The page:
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Undergraduate/Graduate Research Paper Awards (Slavic, East European, and Eurasian Folklore Studies Association)

Deadline: May 31, 2021

1)   THE SEEFA AWARD FOR THE BEST UNDERGRADUATE RESEARCH PAPER (an
honorarium of US $50)

2)  THE SEEFA AWARD FOR THE BEST GRADUATE RESEARCH PAPER (an honorarium
of US $100)

Winning papers will be considered for publication in SEEFA’s
peer-reviewed journal, Folklorica.
Eligible submissions, whether published or unpublished, must be grounded
in the disciplines of folkloristics, ethnology or related fields and
based on original research connected to any region of Eastern Europe,
Eurasia or its diaspora. Submissions must have been written for a
university course within the 12-month period preceding the submission
deadline of May 31.

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CFP: Cultural Biopolitics in Modern Russia (Russian Literature Journal)

Deadline: January 15, 2021

We invite proposals for a special issue of Russian Literature dedicated to Cultural Biopolitics in Modern Russia.

The term “biopolitics” was coined by Michel Foucault to describe a historical shift that took place in the 17th and 18th centuries, when an earlier concept of sovereignty, grounded in the power to decide when “to take life or let live,” was replaced by one determined by the state’s power “to foster life or disallow it to the point of death.” With the emergence of liberal democracy and modern capitalism, new forms of governmentality appeared that centered on the administration of bodies at the level of the population. From government funded programs to increase birth rates to prohibitions on smoking, euthanasia, and certain kinds of sexual behavior, natural life began to be included in the calculations of the state. Sovereign power increasingly became identified with the management of life. Politics assumed the form of biopolitics.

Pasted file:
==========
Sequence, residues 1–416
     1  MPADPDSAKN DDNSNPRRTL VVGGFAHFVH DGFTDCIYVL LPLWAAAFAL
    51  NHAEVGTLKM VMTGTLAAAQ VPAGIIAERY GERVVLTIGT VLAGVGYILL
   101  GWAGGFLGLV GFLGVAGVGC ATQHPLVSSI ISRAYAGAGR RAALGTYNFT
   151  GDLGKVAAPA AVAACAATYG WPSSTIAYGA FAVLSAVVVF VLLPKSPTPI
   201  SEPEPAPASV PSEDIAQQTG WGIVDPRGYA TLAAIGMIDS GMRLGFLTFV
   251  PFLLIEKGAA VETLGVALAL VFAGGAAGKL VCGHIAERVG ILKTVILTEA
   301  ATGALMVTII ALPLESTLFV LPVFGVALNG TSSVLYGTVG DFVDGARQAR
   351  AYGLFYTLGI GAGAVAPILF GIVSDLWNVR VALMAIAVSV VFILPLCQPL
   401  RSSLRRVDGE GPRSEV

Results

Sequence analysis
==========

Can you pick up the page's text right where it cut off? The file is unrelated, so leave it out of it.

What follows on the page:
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CFP: Contagion and Conflagration in Literature

Deadline: February 1, 2021

“During the war people avidly read Tolstoy’s War and Peace as a means of testing their reactions.” So begins Lydia Ginzburg’s The Siege of Leningrad: Notes of a Survivor. Now that the very fiber of our social life has been upended by the pandemic, whose reverberations will be undoubtedly with us for many years to come, the journal Russian Literature proposes to again turn to books for insights on our common predicament. In the Petersburg of Osip Mandelstam’s The Egyptian Stamp, library books “are inhabited by measles, scarlatina, and chicken pox.” Indeed, classics of Russian and East European literature are swarming with infection and more often than not contagion mixes with political conflagration in their fevered collective consciousness. And, even before the era of Covid-19, contemporary literature and film became infested with scenarios in which viruses, both biological and digital, are unleashed, either intentionally or accidentally, by either the West or the East upon the world with catastrophic consequences.